I was recently reading Hacker News and noticed a post linking to the USCIS H1-B data repository, which contains information on the H1-B Visa applications process and statistics about visa submission, approval, and rejection by Citizen and Immigration Services.
As a bit of background, the H1-B visa program was created to allow US employers to employ foreign nationals in jobs requiring specialized knowledge and a bachelor’s or master’s degree. H1-B visas must be sponsored by an employer, and are typically valid for 3 - 6 years. While there is a cap of 65,000 visas that can be awarded each year, there are a number of exemptions for research institutions, particular countries of origin, and rollover between years that make the practical number of visas available much higher. Furthermore, there are 20,000 H1-B visas available to individuals who possess a master’s degree or higher from an American university. This means the total number of H1-B visas available in the lottery is in the 150,000 - 200,000 / year range, for both initial and continuing visas.
To see what stories this data might contain, I downloaded the last five years of data from the USCIS data portal and got busy analyzing! One note on the data - the 2019 data set is for the 2019 Fiscal Year, which started October 1, 2019, and as such the 2019 data includes only half a year of data. Keep this in mind when viewing total-based charts.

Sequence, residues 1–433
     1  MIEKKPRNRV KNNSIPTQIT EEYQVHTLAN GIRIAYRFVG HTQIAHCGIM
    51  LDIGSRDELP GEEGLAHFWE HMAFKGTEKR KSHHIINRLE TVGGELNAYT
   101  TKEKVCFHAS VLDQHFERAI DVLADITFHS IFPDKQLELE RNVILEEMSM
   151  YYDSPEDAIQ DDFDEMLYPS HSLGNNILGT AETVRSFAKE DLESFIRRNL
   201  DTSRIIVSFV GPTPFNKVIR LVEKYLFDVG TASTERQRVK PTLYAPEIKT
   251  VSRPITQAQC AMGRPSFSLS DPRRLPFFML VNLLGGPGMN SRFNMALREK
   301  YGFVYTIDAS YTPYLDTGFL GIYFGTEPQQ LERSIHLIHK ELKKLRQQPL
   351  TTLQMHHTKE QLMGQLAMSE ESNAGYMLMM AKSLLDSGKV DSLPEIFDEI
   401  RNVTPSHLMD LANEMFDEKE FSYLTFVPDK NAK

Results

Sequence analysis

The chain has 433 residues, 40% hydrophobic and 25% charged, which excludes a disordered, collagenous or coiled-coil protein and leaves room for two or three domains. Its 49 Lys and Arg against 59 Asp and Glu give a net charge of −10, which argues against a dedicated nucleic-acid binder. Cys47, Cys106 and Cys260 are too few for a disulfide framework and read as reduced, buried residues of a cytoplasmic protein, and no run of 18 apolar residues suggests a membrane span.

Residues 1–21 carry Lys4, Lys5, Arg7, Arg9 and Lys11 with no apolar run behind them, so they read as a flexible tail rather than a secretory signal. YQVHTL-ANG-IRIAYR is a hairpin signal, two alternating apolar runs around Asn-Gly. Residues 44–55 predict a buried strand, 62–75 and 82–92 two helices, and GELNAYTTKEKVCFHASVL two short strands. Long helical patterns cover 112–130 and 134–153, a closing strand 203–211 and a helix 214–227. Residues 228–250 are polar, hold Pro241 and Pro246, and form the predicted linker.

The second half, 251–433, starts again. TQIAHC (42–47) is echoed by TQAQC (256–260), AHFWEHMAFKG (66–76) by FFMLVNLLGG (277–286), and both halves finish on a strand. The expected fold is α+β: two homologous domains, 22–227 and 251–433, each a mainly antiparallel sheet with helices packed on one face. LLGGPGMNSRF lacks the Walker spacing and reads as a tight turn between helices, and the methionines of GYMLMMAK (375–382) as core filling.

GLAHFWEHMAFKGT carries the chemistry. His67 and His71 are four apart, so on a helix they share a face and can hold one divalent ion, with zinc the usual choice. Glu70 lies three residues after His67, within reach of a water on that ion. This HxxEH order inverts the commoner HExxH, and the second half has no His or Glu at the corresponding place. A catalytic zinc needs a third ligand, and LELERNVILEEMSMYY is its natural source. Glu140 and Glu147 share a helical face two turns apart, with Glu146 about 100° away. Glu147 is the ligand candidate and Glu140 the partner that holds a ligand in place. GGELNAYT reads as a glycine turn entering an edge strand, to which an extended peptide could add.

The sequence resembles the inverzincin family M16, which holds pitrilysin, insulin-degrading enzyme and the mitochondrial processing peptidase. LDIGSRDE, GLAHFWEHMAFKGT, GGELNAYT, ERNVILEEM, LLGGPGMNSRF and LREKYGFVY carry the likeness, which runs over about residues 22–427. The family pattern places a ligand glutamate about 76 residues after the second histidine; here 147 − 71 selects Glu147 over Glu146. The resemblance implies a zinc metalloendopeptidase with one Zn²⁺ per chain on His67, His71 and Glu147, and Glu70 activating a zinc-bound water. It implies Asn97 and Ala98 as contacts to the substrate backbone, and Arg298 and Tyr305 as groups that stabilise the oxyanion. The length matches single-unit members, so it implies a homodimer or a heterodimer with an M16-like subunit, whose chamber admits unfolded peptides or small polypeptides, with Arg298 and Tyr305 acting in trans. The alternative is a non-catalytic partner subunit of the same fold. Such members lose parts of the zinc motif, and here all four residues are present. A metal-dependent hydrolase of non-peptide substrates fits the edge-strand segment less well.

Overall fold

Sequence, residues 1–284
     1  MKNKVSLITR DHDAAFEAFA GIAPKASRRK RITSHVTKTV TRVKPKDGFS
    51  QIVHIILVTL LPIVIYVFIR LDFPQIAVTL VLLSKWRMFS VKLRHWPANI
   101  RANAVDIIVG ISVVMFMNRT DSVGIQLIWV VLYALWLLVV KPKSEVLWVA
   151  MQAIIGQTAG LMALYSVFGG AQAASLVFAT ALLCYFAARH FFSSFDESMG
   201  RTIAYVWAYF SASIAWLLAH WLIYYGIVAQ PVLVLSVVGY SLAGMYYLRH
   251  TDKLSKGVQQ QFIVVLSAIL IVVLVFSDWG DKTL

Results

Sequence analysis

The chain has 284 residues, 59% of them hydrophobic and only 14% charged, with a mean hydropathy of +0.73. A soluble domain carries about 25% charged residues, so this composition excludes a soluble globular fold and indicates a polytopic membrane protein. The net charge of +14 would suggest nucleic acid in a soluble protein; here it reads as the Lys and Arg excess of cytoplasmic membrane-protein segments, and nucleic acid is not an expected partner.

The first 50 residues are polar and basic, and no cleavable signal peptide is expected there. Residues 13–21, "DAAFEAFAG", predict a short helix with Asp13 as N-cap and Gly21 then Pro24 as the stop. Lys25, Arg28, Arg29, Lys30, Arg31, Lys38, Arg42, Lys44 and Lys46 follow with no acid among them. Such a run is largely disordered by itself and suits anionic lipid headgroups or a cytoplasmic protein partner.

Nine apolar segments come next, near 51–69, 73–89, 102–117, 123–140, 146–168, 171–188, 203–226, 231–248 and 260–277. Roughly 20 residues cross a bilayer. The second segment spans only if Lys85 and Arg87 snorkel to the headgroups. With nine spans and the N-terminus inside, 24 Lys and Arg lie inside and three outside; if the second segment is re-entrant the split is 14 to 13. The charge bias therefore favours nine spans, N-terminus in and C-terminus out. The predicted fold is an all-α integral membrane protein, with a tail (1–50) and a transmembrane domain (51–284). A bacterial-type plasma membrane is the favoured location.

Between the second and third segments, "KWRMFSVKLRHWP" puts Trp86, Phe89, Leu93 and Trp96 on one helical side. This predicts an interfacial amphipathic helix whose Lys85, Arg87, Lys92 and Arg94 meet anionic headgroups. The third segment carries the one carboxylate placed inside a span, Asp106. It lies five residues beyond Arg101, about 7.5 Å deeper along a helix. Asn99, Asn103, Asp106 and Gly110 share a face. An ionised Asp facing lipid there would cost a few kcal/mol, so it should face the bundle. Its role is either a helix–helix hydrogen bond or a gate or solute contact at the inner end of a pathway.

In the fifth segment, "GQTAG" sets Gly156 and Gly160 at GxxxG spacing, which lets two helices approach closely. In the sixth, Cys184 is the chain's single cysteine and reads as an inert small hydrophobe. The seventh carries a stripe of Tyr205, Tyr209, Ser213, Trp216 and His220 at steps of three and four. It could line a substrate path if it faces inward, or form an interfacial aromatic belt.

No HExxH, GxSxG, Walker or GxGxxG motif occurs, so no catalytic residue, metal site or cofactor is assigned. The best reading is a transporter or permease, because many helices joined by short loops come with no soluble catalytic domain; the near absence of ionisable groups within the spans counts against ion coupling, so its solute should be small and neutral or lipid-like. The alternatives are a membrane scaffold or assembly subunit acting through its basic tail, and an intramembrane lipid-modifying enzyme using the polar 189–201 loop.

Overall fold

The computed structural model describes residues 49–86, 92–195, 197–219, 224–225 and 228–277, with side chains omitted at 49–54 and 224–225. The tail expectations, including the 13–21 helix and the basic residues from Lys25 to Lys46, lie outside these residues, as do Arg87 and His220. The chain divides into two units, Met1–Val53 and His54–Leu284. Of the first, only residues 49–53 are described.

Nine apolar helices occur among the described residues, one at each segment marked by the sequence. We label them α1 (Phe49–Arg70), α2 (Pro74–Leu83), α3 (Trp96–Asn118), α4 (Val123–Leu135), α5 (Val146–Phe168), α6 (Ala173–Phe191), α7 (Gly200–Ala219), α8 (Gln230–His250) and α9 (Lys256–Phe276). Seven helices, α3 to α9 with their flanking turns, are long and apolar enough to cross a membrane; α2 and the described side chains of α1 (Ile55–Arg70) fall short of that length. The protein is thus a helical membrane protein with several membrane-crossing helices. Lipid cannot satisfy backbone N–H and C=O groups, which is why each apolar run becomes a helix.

Applicant Volume and Approval Rates
The first thing I noticed when unpacking the macro-trends over the past five years was a significant uptick in continuing visa applications. While initial visa applications are up a smidge, there has been over a 40% increase in continuing applications from 2015-2018.
While 2019 is still only half-complete, it is interesting to see the volume of continuing visa applications is hovering right around the volume of initial applications. It seems like there has historically been a 2x split between the groups, and makes me wonder whether there have been significant changes in the FY2019 visa process, or if the back half of the year typically recieves a greater volume of continuing visas than the front half.
While the number of applicants has been ticking upwards, the approval rate has been steadily moving the opposite direction. Interestingly, the continuing visas exhibit less of a drop-off in approval rate than the new initial visa applications, which exhibit a sharp dropoff from over 90% in 2015 to under 70% in 2019. This is just conjecture, but it’s possible that the Trump administration has made a preference shift within USCIS to award fewer visas of all kinds, while particularly restricting the number of new H1-Bs.
Mapping Approval Rates
Given that the USCIS data set has information on the location of each employer who sponsors a worker, I thought it might be interesting to map approval rates across the US and see if there are any geographic or regional trends which jump out. A few quick thoughts:
- Lower approval rates appear to impact the South and Mid-Atlantic most heavily
- Things look particularly rough for applicants in Maryland, Iowa, and Texas where approval rates are roughly a coin-flip, or worse
- The West exhibits relatively high approval rates throughout the years in the data set
- It was super fun to animate this chart (using gganimate to transition over years in the dataset)